Thanks for the heads up, Mt. Spokane! I'm interested in seeing her thoughts.
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I was amused by a friend last week who reported that on a recent visit to MoMA in NY it was overrun with tourists taking photos of the art with their iPhones.... (Perhaps, given how crowded it gets, that was the only way they could actually look at any of it.)
From there, it's a short step to skipping the real version altogether, and just mouse-clicking your way through MOMA's virtual tour...
I've heard people in other threads talking about how they don't care about video functionality. I don't get it. How can someone love making images and completely dismiss motion pictures?
I do both and it only seems natural that if you like one you would like the other. I just can't wrap my head around it only wanting one. I can understand people having a preference, but to buy a $3000 body an never shoot video on it? Really?
In my opinion these cameras are set when it comes to photo features. They don't need to get any better than they already are. With maybe one exception, AF speed/accuracy during liveview. It's video features that are far behind where they should be and that should be the main focus right now of these camera manufacturers.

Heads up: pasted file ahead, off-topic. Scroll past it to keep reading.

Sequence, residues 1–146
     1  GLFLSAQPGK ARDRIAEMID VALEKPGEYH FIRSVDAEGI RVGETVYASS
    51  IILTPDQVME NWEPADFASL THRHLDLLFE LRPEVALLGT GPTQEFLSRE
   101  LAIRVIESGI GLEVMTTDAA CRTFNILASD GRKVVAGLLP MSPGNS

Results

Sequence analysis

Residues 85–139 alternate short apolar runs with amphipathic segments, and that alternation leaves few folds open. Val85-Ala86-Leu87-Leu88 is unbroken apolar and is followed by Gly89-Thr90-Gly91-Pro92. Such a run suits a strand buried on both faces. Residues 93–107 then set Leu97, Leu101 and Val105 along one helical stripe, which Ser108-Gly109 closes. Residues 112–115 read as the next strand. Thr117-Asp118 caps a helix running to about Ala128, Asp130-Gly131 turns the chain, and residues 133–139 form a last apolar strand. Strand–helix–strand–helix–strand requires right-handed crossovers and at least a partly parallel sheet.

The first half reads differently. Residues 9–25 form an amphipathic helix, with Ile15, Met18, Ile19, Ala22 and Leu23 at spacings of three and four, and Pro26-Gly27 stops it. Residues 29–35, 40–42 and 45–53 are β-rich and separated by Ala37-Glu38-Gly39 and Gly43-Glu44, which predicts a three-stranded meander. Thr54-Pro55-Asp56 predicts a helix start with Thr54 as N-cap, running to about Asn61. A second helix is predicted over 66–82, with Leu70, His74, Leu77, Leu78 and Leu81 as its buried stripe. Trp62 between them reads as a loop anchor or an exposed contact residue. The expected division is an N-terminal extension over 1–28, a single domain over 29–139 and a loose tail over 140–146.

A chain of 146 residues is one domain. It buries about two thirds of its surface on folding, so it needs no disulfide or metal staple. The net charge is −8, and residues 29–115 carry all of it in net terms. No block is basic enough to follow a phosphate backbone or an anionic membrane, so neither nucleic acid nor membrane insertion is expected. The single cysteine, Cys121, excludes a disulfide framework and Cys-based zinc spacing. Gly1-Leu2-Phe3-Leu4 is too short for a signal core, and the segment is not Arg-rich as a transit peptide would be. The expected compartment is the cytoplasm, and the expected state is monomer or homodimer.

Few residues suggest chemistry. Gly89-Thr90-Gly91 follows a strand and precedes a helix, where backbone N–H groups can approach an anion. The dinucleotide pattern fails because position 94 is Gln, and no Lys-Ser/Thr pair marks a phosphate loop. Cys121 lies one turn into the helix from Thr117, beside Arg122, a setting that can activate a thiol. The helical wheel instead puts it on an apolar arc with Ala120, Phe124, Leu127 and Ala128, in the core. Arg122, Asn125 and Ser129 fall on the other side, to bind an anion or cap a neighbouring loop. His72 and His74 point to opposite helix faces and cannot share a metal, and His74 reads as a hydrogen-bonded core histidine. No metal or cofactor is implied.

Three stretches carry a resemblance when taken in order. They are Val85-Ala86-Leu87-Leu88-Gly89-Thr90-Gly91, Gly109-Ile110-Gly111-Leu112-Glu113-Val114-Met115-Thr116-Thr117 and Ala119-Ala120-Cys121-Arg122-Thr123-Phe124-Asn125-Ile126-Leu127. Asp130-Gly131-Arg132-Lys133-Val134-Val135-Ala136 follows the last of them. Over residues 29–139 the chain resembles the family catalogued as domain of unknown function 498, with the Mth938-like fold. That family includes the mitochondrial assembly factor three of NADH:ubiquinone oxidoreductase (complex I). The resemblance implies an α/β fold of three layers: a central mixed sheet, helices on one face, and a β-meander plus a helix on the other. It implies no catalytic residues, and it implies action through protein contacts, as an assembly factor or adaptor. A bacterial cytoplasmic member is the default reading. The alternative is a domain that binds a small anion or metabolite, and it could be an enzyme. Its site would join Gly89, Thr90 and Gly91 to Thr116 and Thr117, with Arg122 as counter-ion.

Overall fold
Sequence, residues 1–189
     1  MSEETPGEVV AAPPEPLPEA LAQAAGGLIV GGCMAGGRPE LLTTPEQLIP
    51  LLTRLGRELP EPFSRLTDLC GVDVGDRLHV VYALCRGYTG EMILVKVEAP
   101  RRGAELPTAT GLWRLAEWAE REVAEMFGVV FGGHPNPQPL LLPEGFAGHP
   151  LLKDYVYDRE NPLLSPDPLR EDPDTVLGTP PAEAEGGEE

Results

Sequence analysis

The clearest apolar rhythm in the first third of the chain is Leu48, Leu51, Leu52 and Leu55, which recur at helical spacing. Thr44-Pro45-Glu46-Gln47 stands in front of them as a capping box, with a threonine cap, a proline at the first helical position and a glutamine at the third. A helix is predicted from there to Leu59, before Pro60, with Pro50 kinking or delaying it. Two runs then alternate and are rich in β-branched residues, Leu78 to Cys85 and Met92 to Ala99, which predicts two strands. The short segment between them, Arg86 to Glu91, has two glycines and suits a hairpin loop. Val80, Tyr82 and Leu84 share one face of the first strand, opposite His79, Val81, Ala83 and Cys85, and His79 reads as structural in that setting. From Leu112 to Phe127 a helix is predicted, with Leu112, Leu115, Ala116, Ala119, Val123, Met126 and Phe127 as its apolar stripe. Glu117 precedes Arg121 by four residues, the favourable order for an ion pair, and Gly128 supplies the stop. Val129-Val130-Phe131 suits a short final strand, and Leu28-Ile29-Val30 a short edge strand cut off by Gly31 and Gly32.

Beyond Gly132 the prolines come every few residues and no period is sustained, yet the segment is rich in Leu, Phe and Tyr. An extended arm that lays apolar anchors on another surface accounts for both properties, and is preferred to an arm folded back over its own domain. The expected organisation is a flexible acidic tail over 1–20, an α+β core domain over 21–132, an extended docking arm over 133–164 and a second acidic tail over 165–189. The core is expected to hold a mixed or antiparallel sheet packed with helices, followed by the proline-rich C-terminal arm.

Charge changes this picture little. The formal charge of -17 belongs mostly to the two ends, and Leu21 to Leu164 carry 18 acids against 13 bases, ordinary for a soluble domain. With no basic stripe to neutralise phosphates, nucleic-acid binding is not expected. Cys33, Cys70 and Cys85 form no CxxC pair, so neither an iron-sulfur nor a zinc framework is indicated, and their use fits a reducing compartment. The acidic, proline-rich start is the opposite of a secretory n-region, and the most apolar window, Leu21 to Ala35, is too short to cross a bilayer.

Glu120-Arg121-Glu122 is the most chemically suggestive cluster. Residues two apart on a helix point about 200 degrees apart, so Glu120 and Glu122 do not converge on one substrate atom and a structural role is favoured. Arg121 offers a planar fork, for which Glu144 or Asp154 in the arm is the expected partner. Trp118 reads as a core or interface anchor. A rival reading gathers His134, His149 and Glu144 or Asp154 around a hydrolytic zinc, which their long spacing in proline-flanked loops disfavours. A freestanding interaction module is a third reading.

I'm waiting for the 75mp camera from Canon, everything else is just for amateurs. Once I get that, I can FINALLY take the special shots that are locked away in my mind that none of my current sad gear can achieve. Oh I can't wait for that day.
I take a great deal of pictures at my Kids' sporting and school events. Many parents ask me to try and take some shots of their children. I had an idea of posting these event photos on a website much like the companies do in various running races (5k, 10k, marathon, etc.) and earn some money for my gear. What's the best site to accomplish this task? Or would be better to pay someone to develop a website for me?
135mm all the way. I use a 5dmk3 with a 70-200mm2.8 in low light levels all the time. With action you want all the speed you can get. Btw- the 135mmf2 has nothing to fear from any 70-200mm for portrait work. Honestly, sometimes the advise given out is very odd.
$105.50 is really expensive
do i really really need?
what's wrong with a super cheap one?
- You should buy the expensive one to protect your expensive lens.
- You should also buy a less expensive clear filter to protect your expensive clear filter.
- You should also buy the cheap clear filter to protect your other clear filters.
- Don't forget to remove ALL of the clear filters before taking a picture, because they WILL degrade the quality of your images.
Or, you can just use a lens hood to protect your lens properly, and it will actually improve your images, instead of making them softer like a filter does.
The noobs always buy the protective filters because the salesman in the camera store, who makes more profit from a filter than he does from a camera or lens, convinces them they need one... and then laughs his a$$ off when they leave the store.